Vanguard (Lagos)

18 February 2013

Nigeria: Super Eagles As the Other Nigerian

Our governments have spent billions of naira over time to promote a positive image for Nigerians everywhere. Regrettably, the popular perception of the Nigerian character remains that of greed, self-interest and other such ingenious criminal escapades. The promoted brand of "Good People, Great Nation" never really took off, and it has become clear that neither catchy slogans nor sexy packaging can change public perception of what is intrinsically a bad product!

The question then is, how did the Super Eagles against all odds win the coveted elusive 'Africa Nation's Cup', with qualities supposedly alien to the Nigerian character? With our tradition of tardy preparations, inadequate funding and poor team selection, how did the shrubs we sowed transform into sweet-smelling roses?

Undoubtedly, unity, cohesive teamwork, strong determination to succeed, utmost self-belief, and a driving hunger for personal glory and honour to the fatherland brought unexpected success!

Keshi's leadership was certainly a major factor in the AFCON victory; his team list was based on the perceived fighting and winning mentality of each player and the readiness of his selection to play according to instructions. Indeed, Keshi, himself maintained that individual skills alone do not win such tournaments, and despite intense pressure, he remained undaunted and unapologetic for leaving out some star players; for Keshi, merit without consideration of ethnic affiliations or federal character was the benchmark for team selection!

The Coach consistently took full responsibility for his team's shortcomings, without overtly apportioning blame to anyone! Consequently, he earned the respect of his players and their resolve to give 101% in every match. Keshi, in return, showed genuine fatherly concern and respect for his players.

Keshi ignored the deprivations and disrespect from the Football Federation, but instead encouraged Nigerians to have faith in the team's ability to deliver; he remained upbeat about fulfilling his contract terms to take the Super Eagles to the semi-finals of AFCON 2013!

Curiously, also, the Football Federation had threatened to summarily sack Coach Keshi midway in the tournament, if he refused to accept a foreign technical adviser as his boss; Keshi in turn offered to resign his position immediately after the Eagles unexpectedly beat favourites, Ivory Coast! Interestingly, despite these distractions, the camp remained unusually convivial and harmonious! The excellent team spirit was no doubt a testimony of the matured leadership skills of Coach Keshi, an attribute that has unfortunately been absent in the affairs of our nation for a very long time!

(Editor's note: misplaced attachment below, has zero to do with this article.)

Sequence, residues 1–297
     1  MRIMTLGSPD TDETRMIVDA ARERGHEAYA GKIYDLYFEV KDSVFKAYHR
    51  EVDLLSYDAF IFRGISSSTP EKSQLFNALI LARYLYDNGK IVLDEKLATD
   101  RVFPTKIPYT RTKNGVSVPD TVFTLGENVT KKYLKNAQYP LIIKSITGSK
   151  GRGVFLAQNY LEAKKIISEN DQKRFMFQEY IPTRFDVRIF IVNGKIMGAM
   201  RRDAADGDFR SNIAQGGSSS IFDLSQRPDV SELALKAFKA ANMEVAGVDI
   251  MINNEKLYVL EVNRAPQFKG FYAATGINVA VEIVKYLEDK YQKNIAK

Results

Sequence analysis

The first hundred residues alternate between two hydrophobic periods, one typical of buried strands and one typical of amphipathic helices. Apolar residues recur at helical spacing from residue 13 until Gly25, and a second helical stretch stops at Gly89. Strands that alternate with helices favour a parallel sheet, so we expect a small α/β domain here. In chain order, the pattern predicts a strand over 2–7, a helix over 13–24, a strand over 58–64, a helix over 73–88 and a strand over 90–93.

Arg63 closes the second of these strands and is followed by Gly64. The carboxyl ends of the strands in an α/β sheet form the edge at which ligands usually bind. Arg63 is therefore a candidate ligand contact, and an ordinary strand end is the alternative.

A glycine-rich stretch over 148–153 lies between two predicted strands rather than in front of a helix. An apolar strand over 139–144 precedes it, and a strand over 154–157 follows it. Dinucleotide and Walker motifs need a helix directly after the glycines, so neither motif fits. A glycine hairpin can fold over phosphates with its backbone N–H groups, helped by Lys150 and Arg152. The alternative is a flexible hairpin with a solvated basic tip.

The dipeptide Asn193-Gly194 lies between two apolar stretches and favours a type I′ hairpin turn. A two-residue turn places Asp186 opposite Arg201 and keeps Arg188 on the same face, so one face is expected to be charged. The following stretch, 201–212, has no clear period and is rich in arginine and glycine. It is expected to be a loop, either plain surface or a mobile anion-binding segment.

Keshi's effortless response to questions in both English and French must have endeared him not only to French speaking Africans, but also to those Nigerians, who cringe at the poor performance of our national leaders in front of international media.

In similar vein, Nigerians witnessed the amazing exploits of Sunday Mba, one of six domestic players in Keshi's 23-man team. The unusually high quota of local content was justified by the excellent performances of Mba and other homegrown players. Mba certainly lifted the spirits of most Nigerians with his two mesmerizing winning goals against Ivory Coast in the quarterfinals and Burkina Faso in the finals respectively. Despite technical and capacity limitations, there are undoubtedly many more Mbas waiting to explode in the service of our country in various fields of endeavour whenever the enabling environment presents itself.

Mba's electric performance and Keshi's success sent out a strong message that the object of our expensive foreign travails may actually have remained idle in the pockets of our 'shokoto'. This same syndrome of lack of belief in ourselves and the cringing adoration for everything foreign, even when the imported quality is inferior can still be observed in all facets of governance and corporate management in our country!

Finally, we cannot comment on the apparent total commitment of Victor Moses to the success of the national team without a twitch of guilt or at best some embarrassment. Despite the threatening injury he sustained in the earlier match against Mali, Moses went on to give a superlative account of himself also in the finals.

Surprisingly, Victor had a choice to play for England and ultimately enjoy the same cult status of key players in the English team, but it is to his credit and his sense of loyalty that he chose, instead, to play for his fatherland. Unknown to most Nigerians, the parents of this young man had been mindlessly murdered in the mayhem that followed the aborted Abuja Miss World Beauty Contest in 2002! Painfully, the perpetrators of that heinous act remain free; Victor may never forget the brutal separation from his parents, but for him to have given so much of himself to Nigeria in the AFCON 2013 tournament, the young man must have found it in his heart to forgive his countrymen!

SAVE THE NAIRA, SAVE NIGERIANS!!

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